Louise Ogborn, 21, is suing the fast-food giant, accusing it of failing to warn her and other employees about the hoaxer, who had already struck other McDonald's stores and other fast-food restaurants across the country. McDonald's has said Ogborn is responsible for whatever damages she suffered for not realizing the incident was a hoax. Ogborn was 18 and working at a McDonald's in April when she was forced to strip after a man called the store, claiming he was investigating a theft.
It was the shocking story -- and unbelievable surveillance video -- that riveted the nation. A young McDonald's employee humiliated, forced to strip and then to perform a sexual act in the back office, during her work day. This horrifying ordeal changed one woman's life forever, and put one man on trial, accused of masterminding a bizarre and elaborate hoax.
Katie Barker said her three-year-old son Mitchell — who is incontinent, cannot speak and has multiple organ problems — was left humiliated when she had to strip him naked in full view of other London diners. She was so rude. He uses a special push chair to get around.
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Enter keyword s to search for the articles,events,business listing and community content. You can use letters:a-z,A-Z and numbers Louise Ogborn, 21, had sued McDonald's Corp.
The defense began its case shortly after 1 p. Their first witness was Jason Bradley, a cook who was called in to watch over Ogborn at one point during the three-and-a-half hours she was detained. He told jurors he refused to play along with the hoax caller.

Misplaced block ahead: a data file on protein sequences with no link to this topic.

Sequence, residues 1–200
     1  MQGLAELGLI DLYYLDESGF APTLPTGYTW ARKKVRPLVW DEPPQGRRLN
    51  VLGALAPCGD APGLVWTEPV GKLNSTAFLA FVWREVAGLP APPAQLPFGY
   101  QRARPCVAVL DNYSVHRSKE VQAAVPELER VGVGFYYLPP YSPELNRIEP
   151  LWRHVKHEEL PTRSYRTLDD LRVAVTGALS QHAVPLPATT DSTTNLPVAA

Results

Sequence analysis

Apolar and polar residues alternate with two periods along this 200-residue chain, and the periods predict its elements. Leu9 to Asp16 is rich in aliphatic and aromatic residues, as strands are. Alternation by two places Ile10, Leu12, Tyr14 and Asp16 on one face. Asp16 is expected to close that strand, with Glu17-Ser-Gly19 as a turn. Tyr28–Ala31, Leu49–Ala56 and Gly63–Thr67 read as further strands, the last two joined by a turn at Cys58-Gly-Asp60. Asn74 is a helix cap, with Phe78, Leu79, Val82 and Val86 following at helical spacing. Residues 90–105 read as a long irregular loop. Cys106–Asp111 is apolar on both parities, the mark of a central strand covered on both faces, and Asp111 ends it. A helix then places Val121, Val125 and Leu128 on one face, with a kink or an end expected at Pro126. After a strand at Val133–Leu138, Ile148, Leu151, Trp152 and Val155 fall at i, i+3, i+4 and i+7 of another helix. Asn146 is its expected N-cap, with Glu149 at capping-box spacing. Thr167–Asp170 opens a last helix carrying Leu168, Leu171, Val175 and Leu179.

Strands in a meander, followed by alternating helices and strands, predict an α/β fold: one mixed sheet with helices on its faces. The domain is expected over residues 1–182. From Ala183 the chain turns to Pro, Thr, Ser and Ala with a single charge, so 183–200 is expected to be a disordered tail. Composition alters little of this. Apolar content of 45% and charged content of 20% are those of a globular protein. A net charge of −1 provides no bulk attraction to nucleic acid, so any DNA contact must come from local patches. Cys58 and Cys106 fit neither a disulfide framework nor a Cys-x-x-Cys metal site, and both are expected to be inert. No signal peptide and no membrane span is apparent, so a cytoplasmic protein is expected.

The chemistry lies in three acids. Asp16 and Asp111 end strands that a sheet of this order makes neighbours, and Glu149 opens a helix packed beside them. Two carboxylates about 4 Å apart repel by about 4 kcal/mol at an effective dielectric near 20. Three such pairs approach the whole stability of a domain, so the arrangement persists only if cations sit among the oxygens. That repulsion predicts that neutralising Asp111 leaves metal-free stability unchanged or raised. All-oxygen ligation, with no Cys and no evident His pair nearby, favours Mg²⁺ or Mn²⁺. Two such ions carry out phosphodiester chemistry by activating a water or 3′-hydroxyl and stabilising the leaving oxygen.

Notifications can be turned off anytime in the browser settings. AP -- A former employee who sued McDonald's -- saying she was forced to strip because of a hoax phone call -- has been awarded more than six million dollars. A jury in Shepherdsville, Kentucky, made that decision Friday in the lawsuit by Louise Ogborn against the fast-food giant.
Her lawyer saw the verdict as a victory for their argument that the company had been negligent by failing to warn Ogborn and other employees about the caller who had already struck other McDonald's stores and other fast-food restaurants across the country. Juror Kay Parrish later told reporters that the award would enable Ogborn to "live well the rest of her life" and "put all this behind her. A teary Ogborn hugged relatives after the verdict was read and later expressed relief the case was over. She said she planned to use some of the money to attend law school.
Let friends in your social network know what you are reading about. The calls were persuasive -- and perverse. The caller, often pretending to be a police officer, coaxed managers into strip-searching a worker or customer.
Louise Ogborn, 21, is suing the fast-food giant, accusing it of failing to warn her and other employees about the hoaxer, who had already struck other McDonald's stores and other fast-food restaurants across the country. McDonald's has said Ogborn is responsible for whatever damages she suffered for not realizing it was a hoax. After a four-week trial, the jury deliberated without reaching a verdict the first day and planned to return on Friday.